Scale Charts

Scale charts are fairly straightforward once you know your way around them. However, they are extremely useful, so it’s worth spending a couple of minutes to really get to grips with them. A scale chart shows the chords that naturally appear in a scale, as well as the notes in the chord. So they’re handy whenever you’re doing anything remotely linked to harmonisation.

There are  rules for making a scale chart, with a couple of additions to minor scales.

 

Scale chart rules in major keys

So here we’ll list the rules of writing out a scale chart, using D major as an example

  1. On a piece of manuscript paper write a treble clef and the appropriate key signature (e.g. two sharps),
  2. Write the scale out in semibreves (e.g. from D to C), leaving plenty of space between the notes. There is no need to duplicate the tonic as you usually would when writing a scale,
  3. Add the third and fifth on top of each note,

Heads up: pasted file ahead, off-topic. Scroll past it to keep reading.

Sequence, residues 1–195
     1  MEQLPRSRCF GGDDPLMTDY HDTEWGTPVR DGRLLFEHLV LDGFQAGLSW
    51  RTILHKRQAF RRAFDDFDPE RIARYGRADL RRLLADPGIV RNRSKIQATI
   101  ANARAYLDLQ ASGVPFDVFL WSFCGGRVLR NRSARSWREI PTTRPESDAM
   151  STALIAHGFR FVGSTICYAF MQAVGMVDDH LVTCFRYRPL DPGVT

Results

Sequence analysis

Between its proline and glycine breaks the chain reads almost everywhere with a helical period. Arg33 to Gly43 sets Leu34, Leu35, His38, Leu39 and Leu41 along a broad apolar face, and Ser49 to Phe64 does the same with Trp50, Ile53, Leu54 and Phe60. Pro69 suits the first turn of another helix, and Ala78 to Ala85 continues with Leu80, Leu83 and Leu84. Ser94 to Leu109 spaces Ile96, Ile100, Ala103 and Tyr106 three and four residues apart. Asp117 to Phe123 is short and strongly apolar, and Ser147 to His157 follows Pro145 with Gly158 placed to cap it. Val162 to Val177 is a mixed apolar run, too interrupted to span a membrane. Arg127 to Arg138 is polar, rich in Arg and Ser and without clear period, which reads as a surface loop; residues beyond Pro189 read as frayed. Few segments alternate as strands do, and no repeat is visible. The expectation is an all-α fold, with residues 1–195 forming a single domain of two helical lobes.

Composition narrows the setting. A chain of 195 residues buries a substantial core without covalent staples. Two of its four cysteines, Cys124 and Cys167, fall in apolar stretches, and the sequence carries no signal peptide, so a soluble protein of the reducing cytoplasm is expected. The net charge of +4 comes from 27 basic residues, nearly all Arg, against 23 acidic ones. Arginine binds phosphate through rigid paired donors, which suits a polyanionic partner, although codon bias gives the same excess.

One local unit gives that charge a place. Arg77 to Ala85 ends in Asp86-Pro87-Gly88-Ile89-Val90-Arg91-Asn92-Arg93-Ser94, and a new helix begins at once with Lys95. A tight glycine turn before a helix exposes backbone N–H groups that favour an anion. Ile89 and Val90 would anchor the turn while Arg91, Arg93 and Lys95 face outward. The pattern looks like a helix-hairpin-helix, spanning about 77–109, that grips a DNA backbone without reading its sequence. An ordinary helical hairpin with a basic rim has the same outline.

4. Annotate the scale chart by writing the chord name and Roman numeral beneath the stave.

 

Here is a diagram of these stages, using D major as an example:

Scale chart-page-001

 

Scale chart rules in minor keys

A scale chart in a minor key uses exactly the same process as the one above, but it has one additional step.

  1. On a piece of manuscript paper write a treble clef and the appropriate key signature (e.g. two sharps),
  2. Write the scale out in semibreves (e.g. from D to C), leaving plenty of space between the notes. There is no need to duplicate the tonic as you usually would when writing a scale,
  3. Add the third and fifth on top of each note,
  4. Add a sharp accidental to the seventh degree of the scale, making sure to add the accidental to this note inside chords,
  5. Annotate the scale chart by writing the chord name and Roman numeral beneath the stave.

 

Here is a diagram of these stages, using D minor as an example:

Scale chart-page-002

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